M1D Sniper Model

M1903A3 Sniper

M2 Machine Gun

Range

500 yards

1000 yards

2500 yards

Ammunition

.30-06

.30-06

.50 Caliber

 

Vietnam (1965-75)

Vietnam is the perfect example of how a sniper can be employed during combat. The restrictive ROE and vast open fields and rice paddy’s of Vietnam became prime sniper territory. The Marine Corps and the Army both Fielded Snipers. Army snipers were equipped with accurized versions of the M14 service rifle, accurate out to 700 yards. The Marine Corps fielded snipers equipped with Winchester Model 70 Hunting rifles firing the .30-06 cartridge, and later in the war snipers carried the M40, which fired the standard 7.62x51mm(.308) cartridge both of these rifles had an effective range of over 1000 yards. Also snipers used modified M2 .50 caliber machine guns, fitted with scopes. These were accurate to ranges out to 2500 yards. Normal infantry of the time fired the M16 Assault Rifle, and the enemy fired the AK-47 assault rifle. These rifles were designed for infantry combat which takes place in ranges of only around 200 yards, and can only be fired accurately up to 500 yards. Thus snipers were able to operate with impunity from beyond the range of effective return fire of the enemy.

 

M16

Winchester 70

M40

M14 Sniper

Range

500 yards

1000 yards

1000 Yards

700 yards

Ammunition

5.56mm

.30-06

7.62x51mm

7.62x51mm

 

 

 

 

 

Now through all these wars several things have remained in common among snipers, lets analyze these facts:

A sniper acts independently from standard infantry, not as a part of a unit but in a one or two man team.

This is possible in paintball, most of the time in scenario games, I am alone behind enemy lines trying to accomplish a mission. But you do very little if any tactical good for your team waiting in one spot for an entire game, hoping a target of high-value (such as the opposing general) walks by.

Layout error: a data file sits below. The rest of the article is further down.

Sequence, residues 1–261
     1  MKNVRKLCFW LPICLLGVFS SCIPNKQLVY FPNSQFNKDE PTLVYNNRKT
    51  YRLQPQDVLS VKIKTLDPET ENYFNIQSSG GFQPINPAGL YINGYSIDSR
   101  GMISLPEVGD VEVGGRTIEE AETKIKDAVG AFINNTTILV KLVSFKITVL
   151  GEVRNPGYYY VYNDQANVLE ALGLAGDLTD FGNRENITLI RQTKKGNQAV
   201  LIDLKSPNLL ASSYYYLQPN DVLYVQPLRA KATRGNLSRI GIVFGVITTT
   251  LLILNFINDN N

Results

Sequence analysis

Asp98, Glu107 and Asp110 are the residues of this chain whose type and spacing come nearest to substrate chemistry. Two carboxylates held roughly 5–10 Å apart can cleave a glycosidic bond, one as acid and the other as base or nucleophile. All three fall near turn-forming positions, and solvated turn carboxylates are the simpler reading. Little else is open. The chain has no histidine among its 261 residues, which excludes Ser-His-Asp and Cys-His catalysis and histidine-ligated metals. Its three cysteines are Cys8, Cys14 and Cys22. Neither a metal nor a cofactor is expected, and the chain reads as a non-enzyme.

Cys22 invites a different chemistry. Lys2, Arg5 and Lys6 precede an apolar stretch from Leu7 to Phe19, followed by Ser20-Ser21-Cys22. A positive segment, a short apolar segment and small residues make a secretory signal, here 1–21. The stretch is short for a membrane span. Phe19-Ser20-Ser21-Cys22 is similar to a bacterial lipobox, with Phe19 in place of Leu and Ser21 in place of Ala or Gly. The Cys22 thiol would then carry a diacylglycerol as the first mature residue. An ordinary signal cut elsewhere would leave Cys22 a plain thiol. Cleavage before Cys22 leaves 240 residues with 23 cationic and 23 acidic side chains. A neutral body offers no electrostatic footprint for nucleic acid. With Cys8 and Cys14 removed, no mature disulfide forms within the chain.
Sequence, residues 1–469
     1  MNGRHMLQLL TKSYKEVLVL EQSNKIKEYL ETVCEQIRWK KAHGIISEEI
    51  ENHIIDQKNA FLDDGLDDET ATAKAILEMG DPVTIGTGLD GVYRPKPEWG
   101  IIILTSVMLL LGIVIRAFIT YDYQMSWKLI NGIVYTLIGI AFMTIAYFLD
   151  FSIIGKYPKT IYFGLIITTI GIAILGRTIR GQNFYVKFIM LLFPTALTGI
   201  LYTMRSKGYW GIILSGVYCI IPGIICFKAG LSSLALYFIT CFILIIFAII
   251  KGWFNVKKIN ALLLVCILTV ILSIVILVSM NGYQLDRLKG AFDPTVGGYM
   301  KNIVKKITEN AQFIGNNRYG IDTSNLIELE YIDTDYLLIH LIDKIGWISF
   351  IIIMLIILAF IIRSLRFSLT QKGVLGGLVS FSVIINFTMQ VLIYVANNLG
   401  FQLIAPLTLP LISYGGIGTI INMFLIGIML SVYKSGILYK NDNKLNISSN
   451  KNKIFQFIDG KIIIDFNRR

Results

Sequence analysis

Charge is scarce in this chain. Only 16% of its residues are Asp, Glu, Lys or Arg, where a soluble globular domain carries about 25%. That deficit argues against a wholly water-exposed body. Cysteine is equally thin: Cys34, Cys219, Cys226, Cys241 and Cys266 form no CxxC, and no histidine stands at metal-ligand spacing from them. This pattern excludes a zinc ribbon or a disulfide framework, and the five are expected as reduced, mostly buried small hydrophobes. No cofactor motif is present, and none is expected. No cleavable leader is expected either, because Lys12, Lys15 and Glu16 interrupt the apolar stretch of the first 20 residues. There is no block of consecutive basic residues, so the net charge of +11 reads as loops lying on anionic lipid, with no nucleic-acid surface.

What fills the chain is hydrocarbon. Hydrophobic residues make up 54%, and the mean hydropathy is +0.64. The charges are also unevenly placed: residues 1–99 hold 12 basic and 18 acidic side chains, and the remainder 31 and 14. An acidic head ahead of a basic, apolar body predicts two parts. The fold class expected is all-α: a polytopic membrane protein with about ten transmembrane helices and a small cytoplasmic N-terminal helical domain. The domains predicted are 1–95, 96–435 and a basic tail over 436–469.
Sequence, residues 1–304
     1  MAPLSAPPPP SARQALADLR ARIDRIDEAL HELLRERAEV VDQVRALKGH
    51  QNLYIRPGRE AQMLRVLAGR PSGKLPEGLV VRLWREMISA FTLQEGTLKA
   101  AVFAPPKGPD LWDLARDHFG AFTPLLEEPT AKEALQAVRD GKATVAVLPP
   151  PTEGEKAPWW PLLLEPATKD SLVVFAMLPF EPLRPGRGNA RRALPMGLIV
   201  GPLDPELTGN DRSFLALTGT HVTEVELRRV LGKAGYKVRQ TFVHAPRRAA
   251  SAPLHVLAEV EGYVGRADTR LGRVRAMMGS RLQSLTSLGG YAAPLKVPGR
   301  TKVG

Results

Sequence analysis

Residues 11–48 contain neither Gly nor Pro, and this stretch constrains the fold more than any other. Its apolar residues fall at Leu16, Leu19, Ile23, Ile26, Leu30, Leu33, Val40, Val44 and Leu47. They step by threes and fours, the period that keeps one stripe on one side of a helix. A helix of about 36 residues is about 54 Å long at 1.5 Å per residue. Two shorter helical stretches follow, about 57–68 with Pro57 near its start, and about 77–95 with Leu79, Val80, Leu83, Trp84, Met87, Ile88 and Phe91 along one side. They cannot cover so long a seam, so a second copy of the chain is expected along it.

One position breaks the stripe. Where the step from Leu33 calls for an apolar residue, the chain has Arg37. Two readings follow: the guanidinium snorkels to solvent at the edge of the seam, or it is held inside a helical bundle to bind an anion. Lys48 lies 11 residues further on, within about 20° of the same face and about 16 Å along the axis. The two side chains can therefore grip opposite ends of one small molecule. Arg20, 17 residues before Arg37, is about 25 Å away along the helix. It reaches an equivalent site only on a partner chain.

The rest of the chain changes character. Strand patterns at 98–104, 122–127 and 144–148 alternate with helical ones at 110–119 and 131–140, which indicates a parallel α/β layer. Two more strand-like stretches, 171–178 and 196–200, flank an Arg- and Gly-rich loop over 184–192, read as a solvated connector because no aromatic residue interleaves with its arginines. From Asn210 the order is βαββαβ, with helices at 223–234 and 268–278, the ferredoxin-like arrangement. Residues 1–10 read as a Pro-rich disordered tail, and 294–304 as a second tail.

A sniper does not act at random, he selects targets of high value and eliminates them.

Targets of High Value in a military sense are:

  1. Officers:
    • Generals
    • Field Grade officers
    • Company Grade officers
  2. Forward Observers
  3. Crew Served Weaponry:
    • Heavy Machine Guns
    • Artillery Batteries
    • Mortar Crews
  4. Non Commissioned Officers
  5. Radiomen

Targets of High Value in Paintball:

  1. Generals
  2. Tank Crewman (if there are tanks)
  3. Um…. Yeah… that’s all I can think of...

The problem with selecting high value targets in a scenario paintball game is, there are very few. The vast majority of players play independently, not under any command and they do what they want. What officers and team captains there are do not look any different than any other players.

The Sniper fires at targets from beyond the range of return fire by the standard infantry weapons, or from distances that were beyond the training of the normal infantryman.

As you can see from the diagrams of the Sniper Rifles of the Period in comparison to the standard issue infantry weapons, the sniper rifle always has a great deal more range than infantry weapons, and the sniper has been trained to an accuracy standard that is beyond that of standard infantry training.